Portraits for Pits

Portraits for Pits created this digital portrait of a client's pet pit bull.

AS ANIMAL LOVERS WILL ATTEST, pets are the real gifts that keep on giving. So why not immortalize them in a unique form of art? Pet portraits are increasingly popular, and a number of local artists have turned their passion for animals into  businesses that help pet owners honor their loved ones.

Steve Mercer, who co-owns Portraits for Pits (www.portraitsforpits.com) with his wife, Evie, offers two options for pet portraits: digital portraits and acrylic paintings based on photographs supplied by pet owners, who can upload photographs to the business' website. The couple creates artwork for all kinds of animals, including cats, ferrets, birds and pigs — not just pit bulls as the name might imply — but they have a soft spot for pit bulls and donate proceeds to various rescue and advocacy organizations for the breed. The company often donates gift certificates to fundraisers for pit bull rescue organizations.

"We do all kinds of custom work," Mercer says. Each piece takes about six weeks to complete and prices for portraits range from $75 to $275. The portraits make  popular gifts year-round, he says.

"The art is fun and colorful," Mercer says. "I think it offers a fun memory."

Lillian Aguinaga

Lillian Aguinaga of Painted Paws captures the regal soul of a dog.

Lillian Aguinaga is another local artist and the founder of Painted Paws (www.artoflillian.com). She creates acrylic paintings of customers' pets and accommodates requests for quirky details to be included in the rendition. (One client, for example, requested that a dog be painted in "Game of Thrones"-style regalia.)

Aguinaga's prices depend on the size of the canvas and the number of pets included, but  typically range from $300 to $1,000. She also offers charcoal drawings, which start at $150, as well as gift certificates. Like the Mercers, she believes in giving to charity and donates 10 percent of her commissions to the animal rescue group of the customer's choice.

"I like giving back, and it adds a little extra something to commissioning a pet portrait," she says.

Julie Dalton Gourgues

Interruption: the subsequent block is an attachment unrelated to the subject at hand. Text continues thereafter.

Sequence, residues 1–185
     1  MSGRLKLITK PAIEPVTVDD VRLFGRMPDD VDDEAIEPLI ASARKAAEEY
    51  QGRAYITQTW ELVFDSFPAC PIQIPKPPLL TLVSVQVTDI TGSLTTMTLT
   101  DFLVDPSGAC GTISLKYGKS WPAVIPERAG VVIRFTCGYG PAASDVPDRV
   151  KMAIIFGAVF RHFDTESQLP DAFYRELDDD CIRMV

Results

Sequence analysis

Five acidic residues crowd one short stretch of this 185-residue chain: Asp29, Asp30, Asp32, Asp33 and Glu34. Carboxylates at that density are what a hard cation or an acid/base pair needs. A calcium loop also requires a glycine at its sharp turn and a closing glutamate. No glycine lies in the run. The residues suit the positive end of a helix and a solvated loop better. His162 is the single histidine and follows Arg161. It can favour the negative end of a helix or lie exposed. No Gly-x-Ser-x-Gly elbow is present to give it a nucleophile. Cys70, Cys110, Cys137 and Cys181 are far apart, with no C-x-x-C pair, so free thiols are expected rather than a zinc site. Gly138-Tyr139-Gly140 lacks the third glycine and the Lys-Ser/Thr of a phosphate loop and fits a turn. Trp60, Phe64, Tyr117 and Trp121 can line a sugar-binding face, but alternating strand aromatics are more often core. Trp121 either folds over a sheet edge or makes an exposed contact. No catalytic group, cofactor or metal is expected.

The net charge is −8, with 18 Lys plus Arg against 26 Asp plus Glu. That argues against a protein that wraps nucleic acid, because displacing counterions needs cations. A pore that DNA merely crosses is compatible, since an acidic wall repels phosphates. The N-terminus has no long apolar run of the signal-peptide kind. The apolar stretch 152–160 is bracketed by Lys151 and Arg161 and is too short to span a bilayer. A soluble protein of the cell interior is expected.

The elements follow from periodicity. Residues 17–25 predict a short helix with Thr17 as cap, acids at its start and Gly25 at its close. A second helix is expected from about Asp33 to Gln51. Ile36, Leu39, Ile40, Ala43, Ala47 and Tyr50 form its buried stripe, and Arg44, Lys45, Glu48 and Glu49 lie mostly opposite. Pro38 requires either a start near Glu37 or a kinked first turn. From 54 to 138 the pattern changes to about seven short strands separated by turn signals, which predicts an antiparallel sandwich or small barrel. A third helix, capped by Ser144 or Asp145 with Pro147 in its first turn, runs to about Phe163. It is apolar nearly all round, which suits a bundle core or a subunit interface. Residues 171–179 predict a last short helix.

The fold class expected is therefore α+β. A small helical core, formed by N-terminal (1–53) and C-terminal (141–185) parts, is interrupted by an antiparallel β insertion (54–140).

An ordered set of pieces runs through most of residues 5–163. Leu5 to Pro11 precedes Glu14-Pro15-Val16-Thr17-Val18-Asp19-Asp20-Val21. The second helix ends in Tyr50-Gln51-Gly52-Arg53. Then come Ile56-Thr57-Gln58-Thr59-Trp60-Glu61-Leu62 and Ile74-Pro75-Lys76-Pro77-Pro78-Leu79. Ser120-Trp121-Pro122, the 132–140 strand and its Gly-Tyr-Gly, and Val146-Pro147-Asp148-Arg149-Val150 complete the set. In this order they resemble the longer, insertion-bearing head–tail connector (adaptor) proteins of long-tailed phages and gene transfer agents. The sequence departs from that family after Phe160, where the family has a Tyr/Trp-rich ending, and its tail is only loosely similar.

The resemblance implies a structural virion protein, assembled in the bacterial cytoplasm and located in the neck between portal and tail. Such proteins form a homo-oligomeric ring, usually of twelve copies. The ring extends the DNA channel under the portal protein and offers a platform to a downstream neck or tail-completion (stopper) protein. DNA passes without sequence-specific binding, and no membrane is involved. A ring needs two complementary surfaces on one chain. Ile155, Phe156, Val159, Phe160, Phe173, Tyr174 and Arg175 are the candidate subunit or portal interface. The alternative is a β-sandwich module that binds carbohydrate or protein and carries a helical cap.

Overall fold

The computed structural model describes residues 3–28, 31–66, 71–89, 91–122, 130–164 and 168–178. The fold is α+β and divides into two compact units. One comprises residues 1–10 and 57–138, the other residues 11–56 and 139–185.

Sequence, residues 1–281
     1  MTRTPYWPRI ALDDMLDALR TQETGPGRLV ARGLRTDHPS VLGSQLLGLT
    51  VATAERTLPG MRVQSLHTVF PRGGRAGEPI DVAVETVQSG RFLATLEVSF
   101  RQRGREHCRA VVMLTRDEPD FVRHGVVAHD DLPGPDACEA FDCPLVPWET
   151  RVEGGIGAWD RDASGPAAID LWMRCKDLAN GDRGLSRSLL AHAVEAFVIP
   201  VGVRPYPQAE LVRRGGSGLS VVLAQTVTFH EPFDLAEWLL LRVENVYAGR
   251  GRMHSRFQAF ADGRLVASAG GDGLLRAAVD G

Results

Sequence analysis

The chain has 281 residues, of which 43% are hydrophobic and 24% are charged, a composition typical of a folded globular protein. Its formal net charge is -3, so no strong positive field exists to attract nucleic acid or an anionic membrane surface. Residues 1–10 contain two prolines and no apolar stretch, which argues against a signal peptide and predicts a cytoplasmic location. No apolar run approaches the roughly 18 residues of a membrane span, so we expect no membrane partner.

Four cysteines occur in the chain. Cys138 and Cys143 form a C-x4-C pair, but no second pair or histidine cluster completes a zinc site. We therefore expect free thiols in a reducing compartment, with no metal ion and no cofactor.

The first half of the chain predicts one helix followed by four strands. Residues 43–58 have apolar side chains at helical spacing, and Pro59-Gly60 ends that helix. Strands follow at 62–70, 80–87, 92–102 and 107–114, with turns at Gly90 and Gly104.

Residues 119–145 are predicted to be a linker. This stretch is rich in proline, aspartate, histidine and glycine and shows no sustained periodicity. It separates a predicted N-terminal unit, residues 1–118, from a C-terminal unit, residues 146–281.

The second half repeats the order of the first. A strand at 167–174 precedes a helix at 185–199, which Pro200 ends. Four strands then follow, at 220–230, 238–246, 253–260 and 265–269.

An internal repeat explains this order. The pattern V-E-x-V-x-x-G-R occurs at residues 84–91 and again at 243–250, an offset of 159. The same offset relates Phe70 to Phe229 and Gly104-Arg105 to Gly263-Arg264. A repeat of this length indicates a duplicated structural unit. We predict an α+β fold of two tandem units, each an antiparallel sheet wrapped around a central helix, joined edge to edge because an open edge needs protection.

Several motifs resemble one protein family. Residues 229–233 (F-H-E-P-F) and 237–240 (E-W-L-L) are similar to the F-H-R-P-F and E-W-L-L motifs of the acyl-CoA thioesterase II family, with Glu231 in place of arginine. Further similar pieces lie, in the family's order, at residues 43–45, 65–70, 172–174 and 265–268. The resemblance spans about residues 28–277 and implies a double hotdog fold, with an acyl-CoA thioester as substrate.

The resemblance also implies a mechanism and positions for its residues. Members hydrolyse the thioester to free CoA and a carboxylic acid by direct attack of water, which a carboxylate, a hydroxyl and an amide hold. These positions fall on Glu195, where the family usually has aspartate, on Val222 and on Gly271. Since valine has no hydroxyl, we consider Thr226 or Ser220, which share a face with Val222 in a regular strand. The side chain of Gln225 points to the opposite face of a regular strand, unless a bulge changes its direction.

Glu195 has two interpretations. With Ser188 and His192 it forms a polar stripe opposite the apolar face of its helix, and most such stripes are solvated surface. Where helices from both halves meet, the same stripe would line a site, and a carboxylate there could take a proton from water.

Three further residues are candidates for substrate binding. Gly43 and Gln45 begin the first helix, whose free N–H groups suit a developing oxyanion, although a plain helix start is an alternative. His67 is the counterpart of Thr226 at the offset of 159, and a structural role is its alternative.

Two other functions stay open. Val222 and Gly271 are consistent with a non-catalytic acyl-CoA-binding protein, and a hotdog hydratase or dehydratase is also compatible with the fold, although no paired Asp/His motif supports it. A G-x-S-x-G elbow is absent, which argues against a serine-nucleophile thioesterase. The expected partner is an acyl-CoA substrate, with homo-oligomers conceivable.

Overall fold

Julie Dalton Gourgues' pet portrait of a dog named Molly.

Julie Dalton Gourgues (www.juliedaltongourgues.com) is a local painter who mainly uses oils and acrylics to create pet portraits. Nine years ago, she gave some of her friends portraits of their pets during the holiday season. They were a hit.

"Everybody loved them," she says, and her portrait painting business began to spread by word-of-mouth and on social media. "It's really very gratifying," she says of the work, particularly because she often spends time with her subjects, getting to know their personalities.

"It's a fun, collaborative effort," she says. "They'll send me photos, we'll go back and forth, and they get to see the process, starting with the sketches, and they can approve of things as we go along."

Laura Helen Marks

Laura Helen Marks of Stone Cold Stones created a mosaic of a German shepherd.

Laura Helen Marks' Stone Cold Stones (www.facebook.com/stonecoldnola) uses a different medium — colorful mosaics — to capture the likeness of furry friends. Often, her creations memorialize a pet. She says the stones function a bit like a tombstone but "less morbid" as they are works of art that can be garden features.

"Most people's pets spent time in the yard, and I sense that customers really love walking through the yard and spotting their beloved pup, kitty or tortoise sparkling in the flower beds, looking happy," she says. "The stones are celebratory."

LA/SPCA

The Louisiana SPCA offers pet photos during Mutt Monday Dec. 17 during Celebration in the Oaks.

Pet owners also can consider the Louisiana SPCA's (www.la-spca.org) offerings. Earlier this month, the organization hosted $25 "Pawliday Pet Portraits," photo sessions during which families could have their pets' photos snapped alongside holiday props and costumes. Another program called "Mutt Mondays" takes place during Celebration in the Oaks at New Orleans City Park. On Dec. 17, Louisiana SPCA team members will be on site to assist with the seasonal dog celebration and run a photo booth.

"Photos of your pets during the holiday season help you celebrate and remember each and every holiday spent with your loved ones," notes Rebecca Melanson, the SPCA's communications coordinator.

No matter the medium, Aguinaga perhaps sums it up best: "When you see someone react to getting the gift of a pet portrait, it's pretty special," she says. "Pets are like children — they mean a lot to us; they are special creatures. A pet portrait is one of the most thoughtful gifts you can give."